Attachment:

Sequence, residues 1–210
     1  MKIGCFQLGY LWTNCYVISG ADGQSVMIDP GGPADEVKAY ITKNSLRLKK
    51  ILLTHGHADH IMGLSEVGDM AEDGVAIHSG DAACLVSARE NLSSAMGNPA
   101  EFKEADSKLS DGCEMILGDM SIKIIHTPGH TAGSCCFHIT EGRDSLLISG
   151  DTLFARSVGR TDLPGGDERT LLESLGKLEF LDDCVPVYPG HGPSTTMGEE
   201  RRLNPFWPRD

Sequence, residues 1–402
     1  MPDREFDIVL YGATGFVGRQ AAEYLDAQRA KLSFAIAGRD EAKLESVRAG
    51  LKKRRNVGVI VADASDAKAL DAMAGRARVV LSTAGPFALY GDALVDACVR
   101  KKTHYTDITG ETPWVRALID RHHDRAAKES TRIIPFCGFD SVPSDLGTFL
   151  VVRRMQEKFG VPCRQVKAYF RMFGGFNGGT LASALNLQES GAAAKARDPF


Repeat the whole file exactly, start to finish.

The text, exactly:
Sequence, residues 1–210
     1  MKIGCFQLGY LWTNCYVISG ADGQSVMIDP GGPADEVKAY ITKNSLRLKK
    51  ILLTHGHADH IMGLSEVGDM AEDGVAIHSG DAACLVSARE NLSSAMGNPA
   101  EFKEADSKLS DGCEMILGDM SIKIIHTPGH TAGSCCFHIT EGRDSLLISG
   151  DTLFARSVGR TDLPGGDERT LLESLGKLEF LDDCVPVYPG HGPSTTMGEE
   201  RRLNPFWPRD

Sequence, residues 1–402
     1  MPDREFDIVL YGATGFVGRQ AAEYLDAQRA KLSFAIAGRD EAKLESVRAG
    51  LKKRRNVGVI VADASDAKAL DAMAGRARVV LSTAGPFALY GDALVDACVR
   101  KKTHYTDITG ETPWVRALID RHHDRAAKES TRIIPFCGFD SVPSDLGTFL
   151  VVRRMQEKFG VPCRQVKAYF RMFGGFNGGT LASALNLQES GAAAKARDPF